Memphis Murphy (she/her)
“To me, Pride means not being afraid to truly express yourself, regardless of the consequences that you may face. Being out and true to yourself can be so dangerous at times, but your respect and dedication to yourself are so much more beautiful than the consequences. That’s Pride. I think that not only within the past year but all years, we should be celebrating Black and brown trans women who have paved the way for Pride. Without the strength of these trans women, Pride wouldn’t even exist. It was, and always have been, these Black and brown trans women who have never been afraid to be themselves, because being themselves would be more hurtful than to hide in the face of danger.”
Alfonso Javier (they/them)
“Pride is my community. My selected family. The idea that I can fall back at any moment and have the support I need from them is what pride means to me, while also a means of love and support for them in their time of need. No matter how alone I may feel at times, I still have someone I am able to call my friend, my relative, my sister; the support system that surrounds me is like no other, composed entirely of love, trust, absolute care, and an abundance of positive energy… I think that society tends to focus too much on the honoring and celebration of queer and trans people who fight just to live their day to day, despite the fact that they have been murdered, or have passed. Many of these people spent their lives as dedicated activists, hoping and fighting to improve their lives (and the lives of their community) without having a moment’s rest to just celebrate their own. I don’t really feel a sense of celebration. On the contrary, let’s start opening up discourse on where the hate stems from. Don’t just talk about queer and transgender and gender non-conforming folx this month. We are here year-round, so start practicing celebrating our lives. Celebrate and honor us by protecting us.”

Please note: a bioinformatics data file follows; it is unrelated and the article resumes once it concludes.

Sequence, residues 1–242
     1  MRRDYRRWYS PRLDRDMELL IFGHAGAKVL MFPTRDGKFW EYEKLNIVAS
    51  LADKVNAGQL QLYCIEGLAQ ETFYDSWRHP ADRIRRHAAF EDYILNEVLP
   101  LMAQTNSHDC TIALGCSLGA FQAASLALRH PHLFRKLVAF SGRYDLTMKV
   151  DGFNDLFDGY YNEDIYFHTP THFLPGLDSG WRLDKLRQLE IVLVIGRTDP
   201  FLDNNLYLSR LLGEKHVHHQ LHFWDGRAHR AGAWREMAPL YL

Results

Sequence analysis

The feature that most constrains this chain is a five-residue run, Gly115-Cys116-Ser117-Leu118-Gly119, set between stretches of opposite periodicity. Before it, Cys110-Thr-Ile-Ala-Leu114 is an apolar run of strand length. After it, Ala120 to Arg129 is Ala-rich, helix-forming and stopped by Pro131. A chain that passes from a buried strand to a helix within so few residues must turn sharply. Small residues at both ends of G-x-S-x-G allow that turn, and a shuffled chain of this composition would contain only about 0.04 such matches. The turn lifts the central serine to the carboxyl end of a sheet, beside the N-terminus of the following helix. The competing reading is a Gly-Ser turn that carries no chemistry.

Franklin Ayzenberg (he/him, they/them)
“Unfortunately, every year is tumultuous when it comes to the trans community, but for me personally, being proud [this year] means harnessing the strength to get up every morning regardless of the millions of people around the world who would prefer to see me dead or without access to healthcare. Being proud means acknowledging the trans people who died so that I could be here. It is imperative that the focus shift from rainbow merchandise to both celebrating and protecting transgender children. They are the future and they are calling out for help. Let it be known: We hear you. We are with you. We are fighting for you. Stay on earth with us.”